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Indonesia blocks Steam, 7 other gaming sites over licence breaches

The Indonesian government blocked the search engine Yahoo and some other gaming websites on July 30 due to non-compliance with licensing rules, sparking severe criticism on social media.

Indonesia blocks Yahoo, other gaming sites over licence breaches
The move was followed by a severe backlash on social media as netizens see it as a threat to digital freedom in Indonesia.

 

The Indonesian government blocked the video gaming site Steam and seven other websites on July 30 due to non-compliance with licensing rules, sparking severe criticism on social media.

 

Indonesia’s Ministry of Communication and Information Technology (Kominfo), blocked at least eight websites, including Yahoo, gaming sites like Steam, Dota, Counter-Strike, Epic Games and Origin.com, advertising website Xandr.com and online payment firm PayPal.

 

However, amid growing backlash from netizens and to allow users to get their money, the government of the Southeast nation temporarily opened access to PayPal for five working days.

 

Major tech giants like Google, Facebook, Instagram and WhatsApp and Amazon rushed to register just before the deadline, which was initially July 20 and later extended till July 27.

 

According to TheJakartaPost, about 200 international and 8,000 domestic private electronic services providers, or ESPs, had registered with the communications ministry before last week’s deadline.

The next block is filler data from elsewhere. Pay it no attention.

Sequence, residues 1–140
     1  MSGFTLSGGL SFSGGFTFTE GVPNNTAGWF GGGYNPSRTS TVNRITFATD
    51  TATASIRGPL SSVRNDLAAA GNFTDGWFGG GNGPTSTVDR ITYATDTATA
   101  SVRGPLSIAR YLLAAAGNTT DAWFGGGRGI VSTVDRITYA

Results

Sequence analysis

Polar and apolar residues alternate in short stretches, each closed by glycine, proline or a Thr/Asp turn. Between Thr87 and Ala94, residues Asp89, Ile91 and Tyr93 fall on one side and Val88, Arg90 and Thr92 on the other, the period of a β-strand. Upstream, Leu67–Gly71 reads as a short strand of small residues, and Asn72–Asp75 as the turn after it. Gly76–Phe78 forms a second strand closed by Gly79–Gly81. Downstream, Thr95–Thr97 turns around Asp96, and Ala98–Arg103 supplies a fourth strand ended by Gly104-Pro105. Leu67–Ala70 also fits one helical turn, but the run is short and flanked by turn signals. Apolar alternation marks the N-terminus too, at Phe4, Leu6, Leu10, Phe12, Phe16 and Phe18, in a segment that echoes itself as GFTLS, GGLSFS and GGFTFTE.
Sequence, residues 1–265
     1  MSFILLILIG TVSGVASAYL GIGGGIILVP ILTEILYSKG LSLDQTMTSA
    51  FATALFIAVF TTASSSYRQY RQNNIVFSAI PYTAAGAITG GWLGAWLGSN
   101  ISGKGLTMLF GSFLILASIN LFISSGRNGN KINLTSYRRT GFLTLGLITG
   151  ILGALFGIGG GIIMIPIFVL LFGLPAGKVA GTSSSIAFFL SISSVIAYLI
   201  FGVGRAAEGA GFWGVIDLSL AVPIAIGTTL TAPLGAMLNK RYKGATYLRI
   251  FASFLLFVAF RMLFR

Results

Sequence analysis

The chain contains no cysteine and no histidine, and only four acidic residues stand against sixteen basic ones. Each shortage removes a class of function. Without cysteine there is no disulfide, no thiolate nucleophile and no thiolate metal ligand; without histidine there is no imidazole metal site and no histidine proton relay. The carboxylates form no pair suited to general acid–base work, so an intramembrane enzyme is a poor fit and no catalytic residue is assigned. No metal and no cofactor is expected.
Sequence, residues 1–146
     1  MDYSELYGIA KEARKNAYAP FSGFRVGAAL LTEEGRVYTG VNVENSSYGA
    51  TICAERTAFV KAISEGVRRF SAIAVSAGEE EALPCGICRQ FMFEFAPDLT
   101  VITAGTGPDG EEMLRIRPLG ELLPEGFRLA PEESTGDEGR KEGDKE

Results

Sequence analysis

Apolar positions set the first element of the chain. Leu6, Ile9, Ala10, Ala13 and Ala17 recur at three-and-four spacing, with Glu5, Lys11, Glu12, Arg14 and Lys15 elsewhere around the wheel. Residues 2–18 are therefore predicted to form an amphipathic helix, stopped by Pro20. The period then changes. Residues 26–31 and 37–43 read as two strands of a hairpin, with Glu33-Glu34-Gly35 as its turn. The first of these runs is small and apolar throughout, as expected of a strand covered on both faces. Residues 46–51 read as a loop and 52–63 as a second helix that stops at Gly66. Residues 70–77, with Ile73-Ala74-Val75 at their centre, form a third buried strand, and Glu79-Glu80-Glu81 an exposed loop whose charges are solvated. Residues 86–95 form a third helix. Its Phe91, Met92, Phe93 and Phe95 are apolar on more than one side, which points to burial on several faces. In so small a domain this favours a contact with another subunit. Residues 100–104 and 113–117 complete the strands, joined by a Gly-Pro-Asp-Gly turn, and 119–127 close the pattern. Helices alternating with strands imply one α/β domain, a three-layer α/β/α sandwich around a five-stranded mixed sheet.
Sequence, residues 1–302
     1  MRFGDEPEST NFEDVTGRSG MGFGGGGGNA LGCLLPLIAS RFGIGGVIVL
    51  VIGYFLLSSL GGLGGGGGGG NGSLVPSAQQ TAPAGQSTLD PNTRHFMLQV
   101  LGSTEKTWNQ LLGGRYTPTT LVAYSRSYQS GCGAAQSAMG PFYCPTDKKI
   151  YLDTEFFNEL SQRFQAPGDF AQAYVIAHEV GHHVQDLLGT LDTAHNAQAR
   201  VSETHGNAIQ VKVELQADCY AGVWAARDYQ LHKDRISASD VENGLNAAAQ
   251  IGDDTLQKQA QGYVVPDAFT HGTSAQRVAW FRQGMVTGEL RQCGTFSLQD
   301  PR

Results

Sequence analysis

“The ministry has said it would block any ESP that failed to register and that registrants would have to comply with its content-moderation rules, as stipulated in a 2020 ministerial regulation on private ESPs,” the report added.

 

According to a Reuters report, “Registration is required under rules released in late November 2020 and will give authorities broad powers to compel platforms to disclose data of certain users, and take down content deemed unlawful or that “disturbs public order” within four hours if urgent and 24 hours if not.”

 

The move was followed by a severe backlash on social media as netizens see it as a threat to digital freedom in the country.

 

Indonesia, however, is not the first country to block online platforms. Section 69A of India’s Information Technology Act empowers the federal government to block online content that threatens the security and public order of the state.

 

In India, over 6,000 URLs, accounts and websites were blocked last year citing the reason as protection of the nation’s peace, sovereignty and integrity.

 

In 2020, the Indian government blocked a bulk of Chinese apps, including the popular short-video app TikTok and gaming app PUBG, amid the Ladakh stand-off.

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